DEFINITION of Crop Method

Crop method is a special accounting method available to farmers who do not sell their crops in the same year that they planted and grew them. This allows them to charge the costs of production against sales revenue in the year it is actually realized.


Crop method is one of several accounting methods available to farmers, which establish the rules for reporting income and expenses. Under this method, if a farmer does not harvest and dispose of the crop in the same tax year it was planted it can, with Internal Revenue Service (IRS) approval, use the crop method of accounting.

However, most farmers use the cash method, also known as cash basis, as it is easier to keep records. Under the cash method, all items of income received during the tax year are included in gross income, and the farmer deducts expenses in the tax year when it is paid.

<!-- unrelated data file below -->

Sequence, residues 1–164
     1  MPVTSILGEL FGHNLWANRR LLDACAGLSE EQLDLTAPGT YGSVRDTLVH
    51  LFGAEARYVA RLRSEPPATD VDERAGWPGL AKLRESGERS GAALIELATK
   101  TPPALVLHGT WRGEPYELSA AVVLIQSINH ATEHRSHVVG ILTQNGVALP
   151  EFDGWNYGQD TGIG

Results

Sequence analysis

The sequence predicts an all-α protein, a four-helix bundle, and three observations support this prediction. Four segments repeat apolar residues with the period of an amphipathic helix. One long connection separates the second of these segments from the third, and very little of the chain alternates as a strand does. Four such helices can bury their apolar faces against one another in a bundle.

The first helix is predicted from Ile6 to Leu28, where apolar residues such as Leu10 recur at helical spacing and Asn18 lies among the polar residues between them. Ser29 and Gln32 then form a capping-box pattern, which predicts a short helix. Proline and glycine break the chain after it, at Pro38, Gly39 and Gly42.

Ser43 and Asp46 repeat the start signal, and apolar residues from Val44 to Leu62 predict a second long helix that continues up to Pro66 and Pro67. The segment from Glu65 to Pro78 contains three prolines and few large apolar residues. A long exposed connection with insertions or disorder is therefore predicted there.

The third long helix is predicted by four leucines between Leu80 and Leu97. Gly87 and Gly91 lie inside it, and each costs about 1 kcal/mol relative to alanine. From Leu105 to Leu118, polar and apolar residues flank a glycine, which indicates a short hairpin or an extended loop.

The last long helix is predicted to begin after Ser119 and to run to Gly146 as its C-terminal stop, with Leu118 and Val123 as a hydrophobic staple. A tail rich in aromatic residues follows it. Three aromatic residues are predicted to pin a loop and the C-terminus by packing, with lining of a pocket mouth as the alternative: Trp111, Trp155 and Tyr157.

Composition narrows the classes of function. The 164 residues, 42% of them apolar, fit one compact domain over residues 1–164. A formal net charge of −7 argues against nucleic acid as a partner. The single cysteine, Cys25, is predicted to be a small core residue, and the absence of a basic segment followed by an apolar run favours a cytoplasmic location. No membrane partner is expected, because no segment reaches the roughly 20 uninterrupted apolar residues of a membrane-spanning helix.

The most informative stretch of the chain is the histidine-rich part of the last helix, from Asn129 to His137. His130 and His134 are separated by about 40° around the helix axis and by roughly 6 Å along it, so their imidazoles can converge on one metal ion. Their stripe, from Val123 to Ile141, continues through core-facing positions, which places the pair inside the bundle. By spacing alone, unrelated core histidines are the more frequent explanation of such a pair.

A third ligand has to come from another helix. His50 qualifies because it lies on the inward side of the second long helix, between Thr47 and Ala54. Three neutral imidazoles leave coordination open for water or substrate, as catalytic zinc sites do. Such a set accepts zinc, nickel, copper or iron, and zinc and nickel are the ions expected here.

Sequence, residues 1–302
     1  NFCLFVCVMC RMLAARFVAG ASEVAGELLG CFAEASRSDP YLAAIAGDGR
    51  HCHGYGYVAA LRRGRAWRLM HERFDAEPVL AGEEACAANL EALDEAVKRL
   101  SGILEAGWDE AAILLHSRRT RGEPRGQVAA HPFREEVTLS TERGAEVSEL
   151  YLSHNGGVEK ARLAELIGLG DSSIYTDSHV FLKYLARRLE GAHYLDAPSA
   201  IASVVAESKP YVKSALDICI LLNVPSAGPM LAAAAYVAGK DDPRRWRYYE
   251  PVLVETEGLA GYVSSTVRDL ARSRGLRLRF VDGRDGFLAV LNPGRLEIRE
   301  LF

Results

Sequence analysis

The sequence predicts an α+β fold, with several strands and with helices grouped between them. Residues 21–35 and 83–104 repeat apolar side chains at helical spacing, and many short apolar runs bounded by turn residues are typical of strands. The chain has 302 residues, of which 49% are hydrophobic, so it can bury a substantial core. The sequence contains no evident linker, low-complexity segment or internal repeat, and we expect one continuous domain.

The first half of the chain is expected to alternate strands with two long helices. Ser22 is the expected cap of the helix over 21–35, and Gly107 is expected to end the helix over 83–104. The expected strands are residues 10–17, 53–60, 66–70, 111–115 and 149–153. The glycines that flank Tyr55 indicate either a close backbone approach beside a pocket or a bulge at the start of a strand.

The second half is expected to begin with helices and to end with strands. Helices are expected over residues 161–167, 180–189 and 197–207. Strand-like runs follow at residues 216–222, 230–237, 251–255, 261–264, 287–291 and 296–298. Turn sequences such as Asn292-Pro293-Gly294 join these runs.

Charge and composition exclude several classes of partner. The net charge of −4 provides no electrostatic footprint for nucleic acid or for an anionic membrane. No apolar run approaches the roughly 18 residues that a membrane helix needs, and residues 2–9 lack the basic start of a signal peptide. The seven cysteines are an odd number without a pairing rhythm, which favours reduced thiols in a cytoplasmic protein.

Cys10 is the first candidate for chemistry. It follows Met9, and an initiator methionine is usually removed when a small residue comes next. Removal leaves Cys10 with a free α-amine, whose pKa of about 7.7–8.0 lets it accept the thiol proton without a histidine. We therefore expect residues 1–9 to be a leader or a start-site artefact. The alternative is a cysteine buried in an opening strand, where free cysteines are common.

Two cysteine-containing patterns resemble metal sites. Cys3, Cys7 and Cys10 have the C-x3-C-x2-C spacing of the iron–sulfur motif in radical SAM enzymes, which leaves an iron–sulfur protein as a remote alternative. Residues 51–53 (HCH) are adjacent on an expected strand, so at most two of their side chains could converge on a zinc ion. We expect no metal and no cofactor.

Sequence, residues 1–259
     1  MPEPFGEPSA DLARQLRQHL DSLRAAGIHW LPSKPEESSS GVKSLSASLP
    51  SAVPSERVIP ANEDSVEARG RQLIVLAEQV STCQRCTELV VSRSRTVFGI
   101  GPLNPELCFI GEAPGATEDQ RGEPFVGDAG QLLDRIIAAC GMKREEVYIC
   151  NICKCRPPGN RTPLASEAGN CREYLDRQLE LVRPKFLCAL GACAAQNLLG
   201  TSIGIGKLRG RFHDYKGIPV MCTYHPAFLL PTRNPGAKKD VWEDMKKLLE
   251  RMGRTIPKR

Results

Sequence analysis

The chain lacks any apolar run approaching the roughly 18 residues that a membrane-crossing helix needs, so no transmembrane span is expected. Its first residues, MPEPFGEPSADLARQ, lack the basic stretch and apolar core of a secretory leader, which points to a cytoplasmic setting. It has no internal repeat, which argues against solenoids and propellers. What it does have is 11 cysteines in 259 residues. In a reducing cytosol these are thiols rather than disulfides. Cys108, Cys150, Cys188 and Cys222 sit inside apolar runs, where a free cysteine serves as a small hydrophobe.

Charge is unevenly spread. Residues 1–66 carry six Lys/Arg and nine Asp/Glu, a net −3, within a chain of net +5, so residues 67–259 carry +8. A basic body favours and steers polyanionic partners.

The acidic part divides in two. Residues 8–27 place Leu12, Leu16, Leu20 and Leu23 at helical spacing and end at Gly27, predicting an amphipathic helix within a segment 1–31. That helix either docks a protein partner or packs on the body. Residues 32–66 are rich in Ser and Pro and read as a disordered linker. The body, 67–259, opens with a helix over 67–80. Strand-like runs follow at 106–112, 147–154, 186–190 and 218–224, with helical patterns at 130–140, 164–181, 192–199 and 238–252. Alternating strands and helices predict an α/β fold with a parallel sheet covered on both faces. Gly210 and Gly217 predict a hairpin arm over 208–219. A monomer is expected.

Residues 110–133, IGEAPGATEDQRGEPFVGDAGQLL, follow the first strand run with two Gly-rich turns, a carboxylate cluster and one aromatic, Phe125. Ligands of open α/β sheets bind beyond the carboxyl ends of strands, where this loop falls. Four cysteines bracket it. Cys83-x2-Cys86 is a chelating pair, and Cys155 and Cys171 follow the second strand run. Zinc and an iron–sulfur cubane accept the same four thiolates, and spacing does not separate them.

Certain farm corporations and partnerships, and all tax shelters, have to use the accrual method of accounting — the standard accounting practice for most companies — to correctly match income and expenses. Here the farmer reports income in the year earned and deduct or capitalize expenses in the year incurred. Certain businesses engaged in farming have to use the accrual method, for their farm business, and sales and purchases of inventory items.

Generally, farmers can use any combination of the cash, accrual or crop method of accounting, if the combination clearly shows their income and expenses and it is used consistently. However, the following restrictions apply:

  • If the cash method is used for figuring income, the cash method has to be used to report expenses.
  • If the accrual method for reporting expenses is used, the accrual method has to be used to calculate income.

Once an accounting method is established, IRS approval is need before it can be changed.